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Letter to the Editor   |    
Informed Consent and Psychiatric Patients
SPENCER ETH, M.D.
Am J Psychiatry 1999;156:1841-a-1842.

To the Editor: The article by Donna A. Wirshing, M.D., and colleagues (1) and the related editorial by Paul S. Appelbaum, M.D. (2), underscore the salience of the informed consent process in research involving psychiatric patients. Dr. Wirshing et al. provide new data on the ability of 49 patients with schizophrenia at a Veterans Administration Medical Center to learn and remember information about proffered medication research studies. It is indeed reassuring that these patients felt informed and performed well on a test of the relevant material presented to them.

This article and its companion editorial address only the informational component of informed consent; there remains another critical component about which empirical data are still lacking. The term "voluntary," as applied to informed consent, refers to the capacity to act without undue influence or coercion (3). The importance of choice in this context has historical roots dating to the seventeenth-century concept of free will as essential to our status as human beings. That citizens, patients, and prisoners have at various times been commandeered as unwilling subjects in medical research is well documented (46).

The challenge for our profession today is to validate the informed consent process by protecting potential subjects from the possibility of unwitting exploitation by well-intended but overzealous research clinicians. To do so, principal investigators and institutional research boards should consider explicitly the following factors influencing volition: who is responsible for subject recruitment (reflecting an awareness of the transference effect of the treating psychiatrist as researcher), what special status and benefits are offered uniquely to subjects (including monetary compensation, free care, and prolonged hospitalization), and who will supervise and intervene on behalf of the patient in the event that the patient’s competence erodes during the course of the study.

The articles in the November 1998 issue are a timely reminder that the 50 years of progress in the scientific conduct of controlled drug trials for schizophrenia (7) should be matched by comparable advances in research ethics.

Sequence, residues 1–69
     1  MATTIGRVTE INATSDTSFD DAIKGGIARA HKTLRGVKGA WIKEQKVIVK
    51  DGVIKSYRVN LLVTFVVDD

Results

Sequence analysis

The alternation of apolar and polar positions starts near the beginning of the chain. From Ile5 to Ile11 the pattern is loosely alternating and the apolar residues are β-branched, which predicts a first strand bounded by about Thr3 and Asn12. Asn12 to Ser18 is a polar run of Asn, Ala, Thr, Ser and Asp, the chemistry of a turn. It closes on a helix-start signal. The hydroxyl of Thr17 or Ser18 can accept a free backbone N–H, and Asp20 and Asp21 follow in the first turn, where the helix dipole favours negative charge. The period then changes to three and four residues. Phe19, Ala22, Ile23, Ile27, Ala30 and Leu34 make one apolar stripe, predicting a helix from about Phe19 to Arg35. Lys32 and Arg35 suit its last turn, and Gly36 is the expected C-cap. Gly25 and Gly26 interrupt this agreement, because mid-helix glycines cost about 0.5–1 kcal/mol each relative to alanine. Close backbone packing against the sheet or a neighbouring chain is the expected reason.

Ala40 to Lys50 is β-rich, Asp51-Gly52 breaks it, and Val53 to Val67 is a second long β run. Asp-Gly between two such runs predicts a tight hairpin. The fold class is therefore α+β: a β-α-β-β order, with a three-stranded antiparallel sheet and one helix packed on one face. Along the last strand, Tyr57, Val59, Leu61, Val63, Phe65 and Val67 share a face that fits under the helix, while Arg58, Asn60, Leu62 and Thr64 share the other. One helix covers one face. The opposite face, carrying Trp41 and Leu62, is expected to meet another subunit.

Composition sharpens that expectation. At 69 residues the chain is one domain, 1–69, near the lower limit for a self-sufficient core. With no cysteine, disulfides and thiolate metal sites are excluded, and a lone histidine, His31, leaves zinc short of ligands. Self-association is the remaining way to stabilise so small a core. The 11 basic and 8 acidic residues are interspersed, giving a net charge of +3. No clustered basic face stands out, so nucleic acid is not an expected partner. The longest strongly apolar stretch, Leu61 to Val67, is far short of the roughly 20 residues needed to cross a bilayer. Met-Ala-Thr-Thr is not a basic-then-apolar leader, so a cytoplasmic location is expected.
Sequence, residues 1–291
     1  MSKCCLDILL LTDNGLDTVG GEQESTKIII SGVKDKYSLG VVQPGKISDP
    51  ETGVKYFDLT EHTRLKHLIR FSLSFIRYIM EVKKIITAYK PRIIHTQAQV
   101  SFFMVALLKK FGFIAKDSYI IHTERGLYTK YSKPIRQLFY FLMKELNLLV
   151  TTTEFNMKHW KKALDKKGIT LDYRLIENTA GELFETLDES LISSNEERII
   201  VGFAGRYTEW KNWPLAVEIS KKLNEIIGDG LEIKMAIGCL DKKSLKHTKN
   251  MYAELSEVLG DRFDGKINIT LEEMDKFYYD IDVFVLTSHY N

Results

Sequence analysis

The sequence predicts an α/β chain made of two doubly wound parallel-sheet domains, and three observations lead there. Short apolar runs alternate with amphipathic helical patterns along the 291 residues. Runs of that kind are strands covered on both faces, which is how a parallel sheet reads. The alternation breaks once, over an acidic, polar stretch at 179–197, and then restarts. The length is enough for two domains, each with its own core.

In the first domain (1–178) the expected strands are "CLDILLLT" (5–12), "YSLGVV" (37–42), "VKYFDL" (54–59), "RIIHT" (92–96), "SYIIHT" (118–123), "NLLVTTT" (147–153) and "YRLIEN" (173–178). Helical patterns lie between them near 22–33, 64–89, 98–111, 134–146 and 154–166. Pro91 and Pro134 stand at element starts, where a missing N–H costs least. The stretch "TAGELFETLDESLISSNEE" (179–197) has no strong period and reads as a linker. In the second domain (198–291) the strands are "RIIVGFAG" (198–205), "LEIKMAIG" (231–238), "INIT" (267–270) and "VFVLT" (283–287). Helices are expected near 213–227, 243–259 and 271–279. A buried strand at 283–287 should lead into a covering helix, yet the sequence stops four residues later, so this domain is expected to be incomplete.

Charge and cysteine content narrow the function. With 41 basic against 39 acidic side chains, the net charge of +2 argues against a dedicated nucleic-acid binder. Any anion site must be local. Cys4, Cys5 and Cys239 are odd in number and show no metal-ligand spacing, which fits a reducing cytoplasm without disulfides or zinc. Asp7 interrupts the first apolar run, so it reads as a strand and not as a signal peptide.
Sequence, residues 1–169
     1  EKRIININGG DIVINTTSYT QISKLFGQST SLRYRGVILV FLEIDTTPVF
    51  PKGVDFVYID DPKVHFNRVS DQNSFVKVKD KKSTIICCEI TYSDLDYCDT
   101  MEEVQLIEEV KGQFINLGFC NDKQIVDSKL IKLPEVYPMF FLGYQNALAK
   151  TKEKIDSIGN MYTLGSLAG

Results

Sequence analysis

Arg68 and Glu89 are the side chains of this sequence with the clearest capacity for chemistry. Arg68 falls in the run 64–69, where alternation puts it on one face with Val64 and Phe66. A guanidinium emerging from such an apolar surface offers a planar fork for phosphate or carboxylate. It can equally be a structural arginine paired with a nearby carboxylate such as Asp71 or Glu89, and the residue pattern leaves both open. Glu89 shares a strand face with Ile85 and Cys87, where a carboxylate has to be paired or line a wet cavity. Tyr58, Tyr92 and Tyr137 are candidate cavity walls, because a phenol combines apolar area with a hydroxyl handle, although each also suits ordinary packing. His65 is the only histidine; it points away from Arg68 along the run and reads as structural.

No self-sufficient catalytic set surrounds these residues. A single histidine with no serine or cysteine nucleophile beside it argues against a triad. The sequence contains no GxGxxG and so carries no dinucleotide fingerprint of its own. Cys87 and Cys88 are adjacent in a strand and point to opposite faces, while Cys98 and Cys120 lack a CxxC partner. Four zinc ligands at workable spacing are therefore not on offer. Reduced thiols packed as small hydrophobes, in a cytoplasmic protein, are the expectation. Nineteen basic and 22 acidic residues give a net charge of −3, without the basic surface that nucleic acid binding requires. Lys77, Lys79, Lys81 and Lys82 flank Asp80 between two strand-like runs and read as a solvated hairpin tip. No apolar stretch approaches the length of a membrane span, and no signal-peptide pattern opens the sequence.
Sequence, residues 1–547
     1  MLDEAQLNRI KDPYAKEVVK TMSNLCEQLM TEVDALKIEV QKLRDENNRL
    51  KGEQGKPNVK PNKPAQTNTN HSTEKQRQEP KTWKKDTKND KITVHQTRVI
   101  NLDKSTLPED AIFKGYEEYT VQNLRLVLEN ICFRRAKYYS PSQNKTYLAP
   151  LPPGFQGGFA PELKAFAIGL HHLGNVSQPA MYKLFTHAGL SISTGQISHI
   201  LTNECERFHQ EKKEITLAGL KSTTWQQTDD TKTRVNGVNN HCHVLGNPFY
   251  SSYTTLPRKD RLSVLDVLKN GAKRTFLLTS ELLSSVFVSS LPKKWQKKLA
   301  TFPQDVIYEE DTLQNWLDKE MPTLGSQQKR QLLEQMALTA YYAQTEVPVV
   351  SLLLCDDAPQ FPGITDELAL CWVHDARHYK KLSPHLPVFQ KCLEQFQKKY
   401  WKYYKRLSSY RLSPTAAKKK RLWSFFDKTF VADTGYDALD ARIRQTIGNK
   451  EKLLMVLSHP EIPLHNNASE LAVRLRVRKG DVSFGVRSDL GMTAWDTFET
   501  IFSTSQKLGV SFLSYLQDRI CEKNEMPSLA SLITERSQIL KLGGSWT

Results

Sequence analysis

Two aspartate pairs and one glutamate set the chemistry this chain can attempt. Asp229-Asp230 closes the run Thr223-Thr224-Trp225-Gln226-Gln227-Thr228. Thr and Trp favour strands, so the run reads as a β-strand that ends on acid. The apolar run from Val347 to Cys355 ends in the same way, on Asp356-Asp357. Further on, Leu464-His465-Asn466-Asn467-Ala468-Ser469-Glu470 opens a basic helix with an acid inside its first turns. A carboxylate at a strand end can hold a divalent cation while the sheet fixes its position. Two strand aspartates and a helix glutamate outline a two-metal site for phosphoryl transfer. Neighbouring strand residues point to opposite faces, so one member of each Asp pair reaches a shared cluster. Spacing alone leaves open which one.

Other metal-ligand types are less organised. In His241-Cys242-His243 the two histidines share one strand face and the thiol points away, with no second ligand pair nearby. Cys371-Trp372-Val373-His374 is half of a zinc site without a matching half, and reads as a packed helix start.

Wirshing DA, Wirshing WC, Marder SR, Liberman RP, Mintz J: Informed consent: assessment of comprehension. Am J Psychiatry 1998; 155:1508–  1511
 
Appelbaum PS: Missing the boat: competence and consent in psychiatric research. Am J Psychiatry 1998; 155:1486–  1488
 
Eth S, Robb JW: Informed consent: the problem, in Ethics in Mental Health Practice. Edited by Kentsmith DK, Salladay SA, Miya PA. Orlando, Fla, Grune & Stratton, 1986, pp 83–110
 
Jones JH: Bad Blood: the Tuskegee Syphilis Experiment. New York, Free Press, 1981
 
Pappworth MH: Human Guinea Pigs. London, Routledge, 1967
 
Hornblum AM: Acres of Skin. New York, Routledge, 1998
 
Thornley B, Adams C: Content and quality of 2000 controlled trials in schizophrenia over 50 years. Br Med J 1998; 317:1181–  1184
 
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References

Wirshing DA, Wirshing WC, Marder SR, Liberman RP, Mintz J: Informed consent: assessment of comprehension. Am J Psychiatry 1998; 155:1508–  1511
 
Appelbaum PS: Missing the boat: competence and consent in psychiatric research. Am J Psychiatry 1998; 155:1486–  1488
 
Eth S, Robb JW: Informed consent: the problem, in Ethics in Mental Health Practice. Edited by Kentsmith DK, Salladay SA, Miya PA. Orlando, Fla, Grune & Stratton, 1986, pp 83–110
 
Jones JH: Bad Blood: the Tuskegee Syphilis Experiment. New York, Free Press, 1981
 
Pappworth MH: Human Guinea Pigs. London, Routledge, 1967
 
Hornblum AM: Acres of Skin. New York, Routledge, 1998
 
Thornley B, Adams C: Content and quality of 2000 controlled trials in schizophrenia over 50 years. Br Med J 1998; 317:1181–  1184
 
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